The homeless man who was fatally shot by Los Angeles police officers Sunday had been released by U.S. immigration authorities after two countries refused to have the man repatriated following a prior conviction for bank robbery, according to a report from the Associated Press. Both France and Cameroon would not take the man identified as Charley Saturmin Robinet, forcing officials to release him in compliance with a 2001 Supreme Court ruling that prevents immigration authorities from detaining people indefinitely if deportation is not a possibility.
Robinet had been sentenced to 15 years in prison after pistol-whipping a teller during a 2000 bank robbery north of Los Angeles, Reuters reported. The man reportedly told investigators at the time that he robbed the bank in order to fund acting classes at the Beverly Hills Playhouse. A federal judge in California ordered Robinet to a halfway house in September 2013, where he spent six months before being released in May 2014 under a three-year supervised-release order.
France had issued travel documents to Robinet but later rescinded them in 2013 after determining that he had stolen the identity of a French citizen and was living in the U.S. under an assumed name, U.S. officials said. "The real Charley Robinet is in France apparently living a totally normal life and totally unaware his identity had been stolen years and years ago," Axel Cruau, the consul general for France in Los Angeles, told the AP. The man later told immigration authorities that he was from Cameroon and gave a different name, though officials in the African country did not respond to repeated attempts by U.S. immigration authorities to reach them.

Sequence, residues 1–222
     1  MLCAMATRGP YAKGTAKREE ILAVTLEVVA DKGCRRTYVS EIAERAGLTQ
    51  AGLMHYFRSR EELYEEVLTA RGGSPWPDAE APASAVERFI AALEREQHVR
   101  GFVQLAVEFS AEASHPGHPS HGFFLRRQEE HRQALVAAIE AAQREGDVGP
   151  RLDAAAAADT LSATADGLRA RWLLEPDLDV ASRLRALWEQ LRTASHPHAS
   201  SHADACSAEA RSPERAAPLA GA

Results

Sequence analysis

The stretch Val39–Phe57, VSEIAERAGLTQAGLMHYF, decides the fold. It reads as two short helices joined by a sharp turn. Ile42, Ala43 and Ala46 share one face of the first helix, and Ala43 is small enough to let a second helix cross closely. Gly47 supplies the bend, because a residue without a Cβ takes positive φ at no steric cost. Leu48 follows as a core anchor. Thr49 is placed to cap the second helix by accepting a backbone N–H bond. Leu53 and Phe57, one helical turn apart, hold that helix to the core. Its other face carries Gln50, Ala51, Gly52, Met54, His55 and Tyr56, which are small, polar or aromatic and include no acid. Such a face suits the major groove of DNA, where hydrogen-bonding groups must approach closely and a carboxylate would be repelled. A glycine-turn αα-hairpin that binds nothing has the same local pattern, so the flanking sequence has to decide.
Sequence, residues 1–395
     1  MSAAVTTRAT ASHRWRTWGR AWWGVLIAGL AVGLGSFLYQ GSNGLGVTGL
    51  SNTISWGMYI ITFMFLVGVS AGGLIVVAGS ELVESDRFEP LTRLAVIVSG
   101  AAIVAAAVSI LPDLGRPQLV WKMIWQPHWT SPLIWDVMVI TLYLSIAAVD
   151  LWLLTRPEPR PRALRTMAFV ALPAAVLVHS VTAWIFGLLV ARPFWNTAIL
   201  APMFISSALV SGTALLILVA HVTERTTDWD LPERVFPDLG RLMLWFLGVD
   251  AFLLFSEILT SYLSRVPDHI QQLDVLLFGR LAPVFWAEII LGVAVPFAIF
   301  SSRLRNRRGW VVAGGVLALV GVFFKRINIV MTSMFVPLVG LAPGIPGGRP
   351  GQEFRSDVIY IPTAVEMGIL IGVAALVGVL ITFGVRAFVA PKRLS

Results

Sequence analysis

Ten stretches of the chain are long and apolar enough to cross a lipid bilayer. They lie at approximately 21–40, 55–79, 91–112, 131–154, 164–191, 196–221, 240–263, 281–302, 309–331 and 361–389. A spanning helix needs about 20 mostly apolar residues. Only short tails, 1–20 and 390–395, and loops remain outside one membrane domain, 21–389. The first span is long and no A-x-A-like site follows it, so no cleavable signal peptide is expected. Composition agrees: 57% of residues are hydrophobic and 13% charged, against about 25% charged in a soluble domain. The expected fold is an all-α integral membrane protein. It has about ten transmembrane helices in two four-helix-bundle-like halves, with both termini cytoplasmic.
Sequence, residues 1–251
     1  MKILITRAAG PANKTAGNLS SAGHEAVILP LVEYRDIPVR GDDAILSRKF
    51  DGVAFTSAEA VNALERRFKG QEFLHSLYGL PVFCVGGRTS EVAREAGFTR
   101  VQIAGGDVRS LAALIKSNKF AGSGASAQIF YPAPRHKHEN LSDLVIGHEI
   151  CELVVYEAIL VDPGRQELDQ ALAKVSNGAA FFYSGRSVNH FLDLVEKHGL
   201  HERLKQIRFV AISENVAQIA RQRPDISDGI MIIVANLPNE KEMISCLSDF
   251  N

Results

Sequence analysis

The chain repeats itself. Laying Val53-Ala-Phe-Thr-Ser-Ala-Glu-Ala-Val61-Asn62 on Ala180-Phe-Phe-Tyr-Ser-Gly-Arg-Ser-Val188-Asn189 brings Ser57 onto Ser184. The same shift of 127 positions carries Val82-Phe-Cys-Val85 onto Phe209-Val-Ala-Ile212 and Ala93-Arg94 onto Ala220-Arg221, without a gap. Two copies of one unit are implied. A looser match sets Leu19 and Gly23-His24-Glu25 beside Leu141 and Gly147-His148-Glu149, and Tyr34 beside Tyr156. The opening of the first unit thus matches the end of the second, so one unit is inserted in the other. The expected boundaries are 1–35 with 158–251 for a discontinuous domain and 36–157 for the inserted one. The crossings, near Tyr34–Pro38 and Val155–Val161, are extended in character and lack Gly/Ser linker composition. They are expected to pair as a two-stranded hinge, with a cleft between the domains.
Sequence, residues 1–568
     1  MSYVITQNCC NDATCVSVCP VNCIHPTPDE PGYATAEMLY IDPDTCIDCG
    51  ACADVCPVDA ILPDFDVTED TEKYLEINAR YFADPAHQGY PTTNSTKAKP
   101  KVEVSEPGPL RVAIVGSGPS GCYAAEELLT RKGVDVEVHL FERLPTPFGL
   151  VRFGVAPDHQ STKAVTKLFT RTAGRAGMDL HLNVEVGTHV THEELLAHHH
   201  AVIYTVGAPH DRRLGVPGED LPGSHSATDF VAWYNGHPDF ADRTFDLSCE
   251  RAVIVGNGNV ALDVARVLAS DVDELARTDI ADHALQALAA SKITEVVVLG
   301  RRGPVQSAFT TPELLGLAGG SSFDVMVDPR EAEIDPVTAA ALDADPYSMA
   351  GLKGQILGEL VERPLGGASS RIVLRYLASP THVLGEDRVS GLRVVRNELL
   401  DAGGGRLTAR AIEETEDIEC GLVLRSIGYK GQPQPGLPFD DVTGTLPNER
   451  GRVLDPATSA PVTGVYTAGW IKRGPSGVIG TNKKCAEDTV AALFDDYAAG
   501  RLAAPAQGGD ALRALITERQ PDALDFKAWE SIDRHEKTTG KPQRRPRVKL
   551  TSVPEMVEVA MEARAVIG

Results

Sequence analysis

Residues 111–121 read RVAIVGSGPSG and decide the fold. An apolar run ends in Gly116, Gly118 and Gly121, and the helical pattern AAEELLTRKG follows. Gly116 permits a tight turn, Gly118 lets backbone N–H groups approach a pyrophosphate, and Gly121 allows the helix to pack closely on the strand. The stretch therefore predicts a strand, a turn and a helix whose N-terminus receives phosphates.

On Sunday, the man’s killing at the hands of police officers was captured on a video that was later widely circulated on the Internet. The incident has triggered protests, with civil rights activists calling for greater oversight of police use of force in the Los Angeles Skid Row area where Robinet was shot dead. Critics have accused the department of routinely using heavy-handed tactics in their dealings with homeless people, Reuters said. Around 200 activists marched to the Los Angeles Police Department’s headquarters in a rally to protest the department’s tactics on Tuesday.